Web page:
As the first stage of a genomic convergence analysis of SCZ, we sought gene expression changes between post-mortem cerebellar cortices of 14 patients and 6 controls using shotgun, clonal mRNA sequencing, together with a rigorous and systematic analysis approach. Cerebellum was chosen for study since it has been shown to be affected in SCZ: Patients exhibit impaired sensory-motor integration, reduced cerebellar volume and grey matter, increased cerebellar blood flow and glucose uptake, both at rest and following cognitive challenge, greatest approximate conditional likelihood score in cerebellar vermis, and gene expression changes in the lateral hemispheres of the cerebellar cortex consistent with decreased GABAergic and increased glutamatergic neurotransmission 
. In addition, the simple organization and lack of perturbation by antipsychotic medication of cerebellar cortical circuits relative to other brain regions affected by SCZ was appealing for the current study. Specifically, granule cells, which are important in processing sensory information, are by far the most abundant cerebellar glutamatergic neuron, comprising the majority of neurons in the brain 
Cases and controls were all male and were matched reasonably well for age, race, cause of death and RNA quality metrics. Since only cases had received psychotropic medication, this variable could not be matched. There is currently considerable excitement about stratification of patients with SCZ on the basis of clinical or neuroimaging endophenotypes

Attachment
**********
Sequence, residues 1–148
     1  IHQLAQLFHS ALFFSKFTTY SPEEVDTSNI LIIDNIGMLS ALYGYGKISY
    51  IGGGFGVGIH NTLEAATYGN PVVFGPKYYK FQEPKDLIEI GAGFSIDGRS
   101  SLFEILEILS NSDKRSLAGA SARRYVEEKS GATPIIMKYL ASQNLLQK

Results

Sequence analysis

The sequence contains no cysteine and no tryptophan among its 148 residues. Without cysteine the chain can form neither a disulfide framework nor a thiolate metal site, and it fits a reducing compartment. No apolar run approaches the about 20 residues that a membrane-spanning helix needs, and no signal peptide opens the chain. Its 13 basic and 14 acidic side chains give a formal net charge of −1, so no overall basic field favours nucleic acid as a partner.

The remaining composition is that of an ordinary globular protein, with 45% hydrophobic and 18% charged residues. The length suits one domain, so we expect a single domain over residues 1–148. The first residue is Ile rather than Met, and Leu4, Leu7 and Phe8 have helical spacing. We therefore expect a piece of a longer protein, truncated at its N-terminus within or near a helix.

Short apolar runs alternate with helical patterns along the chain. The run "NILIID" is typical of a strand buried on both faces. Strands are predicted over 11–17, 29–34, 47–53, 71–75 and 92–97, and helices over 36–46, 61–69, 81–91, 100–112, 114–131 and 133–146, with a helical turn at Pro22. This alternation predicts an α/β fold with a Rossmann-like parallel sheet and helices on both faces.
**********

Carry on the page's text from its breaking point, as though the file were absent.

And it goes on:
. Unfortunately, that was not possible in this series.
Approximately 22 million random, cDNA sequence tags were generated from each of 20 samples, providing the deepest mRNA coverage reported to date and providing an unparalleled assessment of the transcriptional complexity of the human cerebellar cortex. Sequences did not align to 1879 viral genomes, offering negative evidence of chronic viral etiology for SCZ in these patients. 85% of annotated transcripts were expressed (based on molecular counting, ), of which 63% were detected at a level of at least 1-fold coverage (equivalent to 56 reads per million or 1.1 copies per million). This pervasive transcription accords with other recent studies